Defendants argue this provision gives DCFS authority to contract for security services. We do not agree. In Inskip v. Board of Trustees (1962), 26 Ill. 2d 501, 187 N.E.2d 201, the court held that the Illinois Purchasing Act did not determine whether a State entity was required to contract to build a particular project or to do the work with its own employees. Rather, the court concluded that the legislation provided for the procedure to be followed if the decision were made to contract for the work. Similarly, here, section 6 -- 3 of the Illinois Purchasing Act does not determine whether DCFS has the power to contract for security services but sets forth the procedure to be followed if that power exists.

While section 6 -- 3 of the Illinois Purchasing Act does not give DCFS authority to contract for security services, it is a legislative recognition of the existence of that power in some State departments or agencies. As defendants have pointed out, section 6 of article XXVII of the collective-bargaining agreement between ISEA and the State of Illinois provides for procedures when the State contracts out work performed by bargaining unit employees. Likewise, this does not give DCFS power to contract for services, but it is evidence of a recognition by the parties that the power exists under some circumstances.

The provisions of the Code giving power to DCFS (Ill. Rev. Stat. 1987, ch. 127, par. 63b11 et seq.) give that entity no express power to contract for services from a private entity. However, neither party has shown us express statutory authority for other departments or agencies to contract for services, and we have not found such express statutory authority. Yet, section 6-3 of the Illinois Purchasing Act recognizes the existence of that authority. Under rules prescribed for State purchasing, CMS is charged with the contracting responsibility on behalf of all agencies for certain enumerated items, among which security services are not mentioned. (44 Ill. Adm. Code 1.310 (Supp. Jan. 1, 1987).) Those same rules state that "[contracts] for service needs not covered in the preceding sections are the responsibility of each agency unless otherwise provided by law." (44 Ill. Adm. Code 1.340 (1985).) Accordingly, we hold that under DCFS' general authority to perform its statutory functions, it had power to enter into the instant contract.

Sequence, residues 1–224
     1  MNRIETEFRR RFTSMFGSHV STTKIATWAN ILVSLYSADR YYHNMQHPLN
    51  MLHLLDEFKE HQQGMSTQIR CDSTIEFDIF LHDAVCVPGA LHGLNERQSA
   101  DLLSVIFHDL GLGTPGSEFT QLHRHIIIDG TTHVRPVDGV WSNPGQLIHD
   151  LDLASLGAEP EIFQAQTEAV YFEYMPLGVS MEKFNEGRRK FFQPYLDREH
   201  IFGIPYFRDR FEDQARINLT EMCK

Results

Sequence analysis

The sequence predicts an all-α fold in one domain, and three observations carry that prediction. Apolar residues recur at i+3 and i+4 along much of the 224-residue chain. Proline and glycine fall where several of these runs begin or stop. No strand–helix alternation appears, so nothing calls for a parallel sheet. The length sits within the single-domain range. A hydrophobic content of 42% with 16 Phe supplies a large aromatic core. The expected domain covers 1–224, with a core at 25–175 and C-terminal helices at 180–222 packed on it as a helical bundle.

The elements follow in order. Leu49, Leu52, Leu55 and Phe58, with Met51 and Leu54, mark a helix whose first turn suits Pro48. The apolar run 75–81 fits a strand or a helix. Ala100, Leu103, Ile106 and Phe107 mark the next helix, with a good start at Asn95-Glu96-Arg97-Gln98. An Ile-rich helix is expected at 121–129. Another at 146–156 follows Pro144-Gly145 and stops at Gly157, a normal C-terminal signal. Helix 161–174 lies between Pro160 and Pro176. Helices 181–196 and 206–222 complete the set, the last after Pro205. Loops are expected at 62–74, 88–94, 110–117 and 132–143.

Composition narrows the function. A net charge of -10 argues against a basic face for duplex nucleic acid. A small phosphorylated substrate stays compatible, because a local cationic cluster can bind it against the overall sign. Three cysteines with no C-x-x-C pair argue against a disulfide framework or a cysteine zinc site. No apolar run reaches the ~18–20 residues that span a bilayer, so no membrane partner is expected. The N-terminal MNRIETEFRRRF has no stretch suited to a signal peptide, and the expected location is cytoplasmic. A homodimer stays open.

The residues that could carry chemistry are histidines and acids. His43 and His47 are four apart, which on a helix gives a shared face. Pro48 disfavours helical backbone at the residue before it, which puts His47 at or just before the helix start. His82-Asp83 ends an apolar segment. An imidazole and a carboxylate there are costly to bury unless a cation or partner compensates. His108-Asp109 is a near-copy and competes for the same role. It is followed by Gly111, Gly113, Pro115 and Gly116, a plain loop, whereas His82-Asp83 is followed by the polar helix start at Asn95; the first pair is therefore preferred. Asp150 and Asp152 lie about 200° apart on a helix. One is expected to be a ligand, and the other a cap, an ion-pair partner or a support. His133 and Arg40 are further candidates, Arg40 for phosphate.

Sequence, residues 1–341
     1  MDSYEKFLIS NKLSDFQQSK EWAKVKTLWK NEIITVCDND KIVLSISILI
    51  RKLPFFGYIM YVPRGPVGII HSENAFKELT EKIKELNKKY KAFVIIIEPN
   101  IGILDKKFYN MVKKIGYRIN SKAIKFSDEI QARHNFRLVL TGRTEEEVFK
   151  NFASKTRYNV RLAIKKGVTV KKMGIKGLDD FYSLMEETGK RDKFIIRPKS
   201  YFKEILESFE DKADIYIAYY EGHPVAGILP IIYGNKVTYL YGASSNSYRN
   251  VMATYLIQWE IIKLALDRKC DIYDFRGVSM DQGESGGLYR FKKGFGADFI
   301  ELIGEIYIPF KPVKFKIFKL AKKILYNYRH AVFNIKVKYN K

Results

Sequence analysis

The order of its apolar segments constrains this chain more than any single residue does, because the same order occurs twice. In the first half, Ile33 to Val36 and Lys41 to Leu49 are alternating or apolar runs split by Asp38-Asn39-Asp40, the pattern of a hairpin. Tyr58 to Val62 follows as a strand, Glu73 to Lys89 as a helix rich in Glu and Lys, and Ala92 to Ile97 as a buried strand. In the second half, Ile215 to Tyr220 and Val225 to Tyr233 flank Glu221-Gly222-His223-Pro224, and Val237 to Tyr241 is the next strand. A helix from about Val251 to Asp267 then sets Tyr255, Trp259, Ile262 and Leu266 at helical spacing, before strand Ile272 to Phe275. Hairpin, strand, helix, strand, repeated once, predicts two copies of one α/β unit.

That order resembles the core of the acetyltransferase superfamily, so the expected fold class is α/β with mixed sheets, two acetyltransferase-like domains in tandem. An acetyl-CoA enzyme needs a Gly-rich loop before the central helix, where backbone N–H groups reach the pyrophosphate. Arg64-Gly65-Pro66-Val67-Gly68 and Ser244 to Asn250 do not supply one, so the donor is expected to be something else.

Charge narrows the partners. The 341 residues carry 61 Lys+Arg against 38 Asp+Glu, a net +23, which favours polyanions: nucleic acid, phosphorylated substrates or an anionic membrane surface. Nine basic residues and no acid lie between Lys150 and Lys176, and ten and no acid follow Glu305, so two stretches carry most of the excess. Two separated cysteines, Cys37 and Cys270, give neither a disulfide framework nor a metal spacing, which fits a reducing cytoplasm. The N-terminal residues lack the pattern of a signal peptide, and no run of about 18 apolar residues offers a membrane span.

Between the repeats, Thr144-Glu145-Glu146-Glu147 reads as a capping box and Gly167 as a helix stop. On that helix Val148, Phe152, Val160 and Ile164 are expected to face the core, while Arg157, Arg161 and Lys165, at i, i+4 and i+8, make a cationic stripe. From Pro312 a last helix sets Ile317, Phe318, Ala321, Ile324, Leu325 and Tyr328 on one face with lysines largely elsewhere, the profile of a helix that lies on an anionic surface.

We do not agree with defendants that the circuit court lacked subject matter jurisdiction in this case. Pursuant to its constitutional grant of power, the circuit court has jurisdiction of "all justiciable matters" with exceptions not applicable here. (Ill. Const. 1970, art. VI, § 9.) A request for an injunction is a "justiciable" matter. Grant

of the relief requested would not have violated the statutory sovereign immunity of the State if plaintiffs' interpretation of section 65.2 of the Code is correct. (Ill. Rev. Stat. 1987, ch. 127, par. 801.) Actions for declaratory or injunctive relief against State agencies or officials are not barred when taken to prevent actions by such defendants which are absolutely beyond their lawful power. City of Springfield v. Allphin (1978), 74 Ill. 2d 117, 384 N.E.2d 310; Bio-Medical Laboratories, Inc. v. Trainor (1977), 68 Ill. 2d 540, 370 N.E.2d 223.

Rather than attacking the jurisdiction of the circuit court, defendants appear to be arguing that plaintiffs needed to show an exhaustion of their administrative remedies or those under the collective-bargaining agreement in order to have a cause of action. As we are reversing, we need not delve into this complicated issue. However, relief in equity has been held to be obtained without exhaustion of administrative remedies when a governmental body operates under an invalid rule. Bio-Medical Laboratories, Inc., 68 Ill. 2d 540, 370 N.E.2d 223; Landfill, Inc. v. Pollution Control Board (1978), 74 Ill. 2d 541, 387 N.E.2d 258.

The judgment from which appeal is taken is reversed and the permanent injunction is ordered dissolved.

Reversed; injunction dissolved.

CASE RESOLUTION

Judgment reversed; injunction dissolved.

19890119